The coroner may arrange for a post-mortem examination of the body. The consent of the relative is not needed, but they are entitled to be represented at the examination by a doctor. When relatives have told the coroner they wish to be represented, the coroner will if at all practicable, tell them when and where the examination will be.
The coroner will pay for the removal of a body from the place of death to the mortuary for post-mortem examination. The relatives may choose the funeral director.
If the post-mortem shows that death was due to natural causes, the coroner may issue a notification known as the Pink Form (Form 100), which gives the cause of death so that the death can be registered. The coroner usually sends the form direct to the registrar but may give it to you to deliver.
If the death was violent, unnatural, caused by an industrial disease, occurred in prison or if the cause of death remains uncertain after post-mortem examination, the coroner will hold an inquest. An inquest is an enquiry into the medical cause and circumstances of a death. It is held in public, sometimes with a jury, and it is up to the coroner how to organise the enquiry in a way that best serves the public interest and the interests of the relatives.
If an inquest is held, the coroner must inform the following people:
- The married partner of the deceased.
- The nearest relative (if different).
- And the personal representative (if different from above).
Relatives can attend an inquest and ask questions of witnesses but they may only ask questions about the medical cause and circumstances of the death. It may also be important to have a lawyer to represent you if the death was caused by a road accident or an accident at work.
The coroner may give you an Order for Burial (form 101) so that the funeral can take place and may be done before the inquest is completed, provided the body is not required for further examination.
The coroner will also send the registrar a Certificate After Inquest (form 99 [rev]) stating the cause of death – this allows the death to be registered.
If you want advice or information about a death which has been reported to the coroner, contact the coroner’s officer. You can get the address from the police station or, if the death was in hospital, the hospital official dealing with deaths.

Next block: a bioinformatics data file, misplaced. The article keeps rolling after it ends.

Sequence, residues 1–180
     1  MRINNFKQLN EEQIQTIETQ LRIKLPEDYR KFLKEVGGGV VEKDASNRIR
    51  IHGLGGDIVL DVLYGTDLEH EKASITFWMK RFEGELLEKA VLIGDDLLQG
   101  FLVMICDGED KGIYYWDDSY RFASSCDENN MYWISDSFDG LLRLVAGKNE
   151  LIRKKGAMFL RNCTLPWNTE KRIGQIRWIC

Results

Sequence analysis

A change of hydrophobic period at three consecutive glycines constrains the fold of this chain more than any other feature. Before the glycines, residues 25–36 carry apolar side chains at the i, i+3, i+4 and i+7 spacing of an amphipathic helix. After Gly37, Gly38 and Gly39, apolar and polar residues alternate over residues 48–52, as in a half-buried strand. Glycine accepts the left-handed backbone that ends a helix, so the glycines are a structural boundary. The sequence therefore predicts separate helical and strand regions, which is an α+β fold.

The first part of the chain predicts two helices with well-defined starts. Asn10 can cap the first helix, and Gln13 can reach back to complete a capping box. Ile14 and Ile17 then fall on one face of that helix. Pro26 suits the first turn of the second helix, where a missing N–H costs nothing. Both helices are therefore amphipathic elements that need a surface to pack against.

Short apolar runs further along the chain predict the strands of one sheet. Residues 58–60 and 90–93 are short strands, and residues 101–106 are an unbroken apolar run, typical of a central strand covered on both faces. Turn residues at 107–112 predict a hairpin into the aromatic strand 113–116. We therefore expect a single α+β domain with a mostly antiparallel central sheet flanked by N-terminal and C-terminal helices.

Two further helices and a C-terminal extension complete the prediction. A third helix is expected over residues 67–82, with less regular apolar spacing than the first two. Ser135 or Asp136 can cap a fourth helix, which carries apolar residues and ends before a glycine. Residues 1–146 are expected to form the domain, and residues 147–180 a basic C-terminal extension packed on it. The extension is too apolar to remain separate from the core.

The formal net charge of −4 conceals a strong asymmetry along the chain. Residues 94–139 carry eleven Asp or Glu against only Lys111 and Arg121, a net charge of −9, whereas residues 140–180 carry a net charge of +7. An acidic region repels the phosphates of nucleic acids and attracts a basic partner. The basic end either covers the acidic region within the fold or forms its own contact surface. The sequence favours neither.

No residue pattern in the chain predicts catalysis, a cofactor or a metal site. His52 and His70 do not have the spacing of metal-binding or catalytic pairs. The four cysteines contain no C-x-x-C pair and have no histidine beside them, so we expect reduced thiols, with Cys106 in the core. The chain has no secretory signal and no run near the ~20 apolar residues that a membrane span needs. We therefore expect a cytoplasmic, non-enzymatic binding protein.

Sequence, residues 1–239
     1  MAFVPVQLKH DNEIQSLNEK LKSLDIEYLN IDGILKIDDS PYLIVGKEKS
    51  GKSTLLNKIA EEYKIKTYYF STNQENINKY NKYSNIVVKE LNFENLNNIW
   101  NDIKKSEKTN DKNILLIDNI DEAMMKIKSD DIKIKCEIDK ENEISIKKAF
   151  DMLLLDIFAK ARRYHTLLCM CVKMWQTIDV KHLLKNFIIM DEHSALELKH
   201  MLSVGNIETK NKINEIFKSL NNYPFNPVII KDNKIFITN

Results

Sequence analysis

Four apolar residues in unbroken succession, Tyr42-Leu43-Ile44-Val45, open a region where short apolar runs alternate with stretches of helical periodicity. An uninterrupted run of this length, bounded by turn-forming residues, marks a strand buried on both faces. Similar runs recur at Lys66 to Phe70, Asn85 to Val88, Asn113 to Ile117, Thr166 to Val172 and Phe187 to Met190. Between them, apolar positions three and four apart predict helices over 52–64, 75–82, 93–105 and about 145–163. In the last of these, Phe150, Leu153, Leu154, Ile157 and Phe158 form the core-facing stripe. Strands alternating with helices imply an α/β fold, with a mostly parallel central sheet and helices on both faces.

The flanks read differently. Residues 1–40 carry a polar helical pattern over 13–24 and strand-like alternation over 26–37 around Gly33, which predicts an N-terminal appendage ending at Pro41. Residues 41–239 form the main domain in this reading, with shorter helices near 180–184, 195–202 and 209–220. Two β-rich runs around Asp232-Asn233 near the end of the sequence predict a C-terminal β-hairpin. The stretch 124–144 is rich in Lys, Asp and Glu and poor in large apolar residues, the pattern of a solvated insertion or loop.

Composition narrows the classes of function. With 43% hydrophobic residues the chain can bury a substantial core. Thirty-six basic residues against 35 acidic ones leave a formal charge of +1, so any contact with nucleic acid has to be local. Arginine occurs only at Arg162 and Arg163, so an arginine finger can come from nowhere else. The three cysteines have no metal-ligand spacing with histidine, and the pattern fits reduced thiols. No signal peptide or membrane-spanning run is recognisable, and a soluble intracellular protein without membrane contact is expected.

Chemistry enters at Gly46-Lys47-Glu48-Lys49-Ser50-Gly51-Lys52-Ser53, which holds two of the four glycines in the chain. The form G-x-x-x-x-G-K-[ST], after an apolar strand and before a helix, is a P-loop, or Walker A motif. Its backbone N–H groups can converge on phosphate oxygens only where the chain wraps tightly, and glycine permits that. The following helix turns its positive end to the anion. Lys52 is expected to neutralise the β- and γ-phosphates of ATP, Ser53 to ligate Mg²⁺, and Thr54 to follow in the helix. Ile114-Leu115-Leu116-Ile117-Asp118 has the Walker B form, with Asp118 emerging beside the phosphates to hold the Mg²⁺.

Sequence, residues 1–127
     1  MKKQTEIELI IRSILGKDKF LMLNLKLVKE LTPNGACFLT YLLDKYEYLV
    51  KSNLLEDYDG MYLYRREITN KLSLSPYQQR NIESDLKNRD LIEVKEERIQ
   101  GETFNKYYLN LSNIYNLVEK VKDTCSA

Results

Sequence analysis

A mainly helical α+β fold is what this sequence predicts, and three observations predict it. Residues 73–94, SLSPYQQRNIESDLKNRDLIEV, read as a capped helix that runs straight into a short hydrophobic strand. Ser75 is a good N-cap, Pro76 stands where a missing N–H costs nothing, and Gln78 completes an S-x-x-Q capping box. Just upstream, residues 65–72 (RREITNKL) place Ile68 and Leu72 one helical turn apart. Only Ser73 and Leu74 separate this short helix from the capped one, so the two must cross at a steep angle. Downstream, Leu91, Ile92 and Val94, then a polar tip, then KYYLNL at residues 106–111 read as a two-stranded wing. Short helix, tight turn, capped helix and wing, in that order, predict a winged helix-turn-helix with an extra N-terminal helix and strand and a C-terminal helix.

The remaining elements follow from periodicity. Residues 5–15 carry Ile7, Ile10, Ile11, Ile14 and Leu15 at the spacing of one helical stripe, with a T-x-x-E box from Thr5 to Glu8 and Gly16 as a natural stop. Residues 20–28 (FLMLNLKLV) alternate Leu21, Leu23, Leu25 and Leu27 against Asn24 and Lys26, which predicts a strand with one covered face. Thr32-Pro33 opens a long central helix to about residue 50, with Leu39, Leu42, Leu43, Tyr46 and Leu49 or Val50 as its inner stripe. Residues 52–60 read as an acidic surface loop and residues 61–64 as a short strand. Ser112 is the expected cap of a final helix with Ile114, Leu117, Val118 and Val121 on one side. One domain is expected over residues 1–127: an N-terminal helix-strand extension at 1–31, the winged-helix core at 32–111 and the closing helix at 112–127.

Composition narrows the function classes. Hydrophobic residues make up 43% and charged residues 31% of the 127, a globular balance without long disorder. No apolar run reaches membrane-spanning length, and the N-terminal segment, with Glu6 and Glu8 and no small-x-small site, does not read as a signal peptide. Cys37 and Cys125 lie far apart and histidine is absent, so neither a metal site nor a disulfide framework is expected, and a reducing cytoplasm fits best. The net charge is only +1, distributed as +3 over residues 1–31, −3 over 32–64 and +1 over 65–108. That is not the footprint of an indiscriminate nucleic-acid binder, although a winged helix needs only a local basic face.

The Surrey Registrars will have registered you for the Tell Us Once service at your appointment where the deceased’s usual address was in the County of Surrey or in any participating area. If you use the full Tell Us Once Service, it will assist you with notifying many of the departments and services on our list so you will not need to contact them again.
Cemeteries Officer – Redstone Cemetery
Philanthropic Road, Redhill
Phone: 01737 761592
Opened in 1932 Redstone Cemetery is located in Redhill, Surrey. Set on a hillside in 16 acres of colourful well-tended open countryside, it offers magnificent views over Surrey and Sussex from its elevated position.
The ambience of the cemetery is one of tranquillity and natural beauty, with many visitors frequently returning to visit the resting place of their loved one, to tend memorials, leave flowers or simply to feel comforted.
The cemetery is open to the public every day of the year from 7.30 am with pedestrian access available until dusk. The cemetery is closed to vehicles after 4.30 pm on weekdays but remains open until dusk at weekends and on Public Holidays.
Registering a Death in Reigate, Surrey
Leatherhead Register Office, The Mansion
70 Church Street
How to contact :
Tel: 0300 200 1002 Email: email@example.com
Office opening times:
Monday and Tuesday: 9 am- 4.30 pm
Wednesday: 9.30 am – 4.30 pm
Thursday and Friday: 9 am – 4.30 pm
Facts behind the CT Scan as an alternative to the post mortem/ autopsy
The family of the deceased now have the choice to request a CT scan as an alternative to the post mortem (autopsy). But before deciding whether this is the right choice, there are number of facts that should be understood.
The procedures for the autopsy should be understood.
Autopsies can be carried out on the same day or the next day. It involves the pathologist examining the body in order to determine the cause of death and in many cases is a very precise process with the pathologist having the required knowledge of what to look for and where.
Once the cause of death has been established, the body is released for burial. No organs are removed, and the body is intact.
The CT Scan (MRI)
The CT scan is a private procedure that requires payment and is not a free service offered by the NHS or the Coroners Mortuary.
REDSTONE CEMETERY – FEES & CHARGES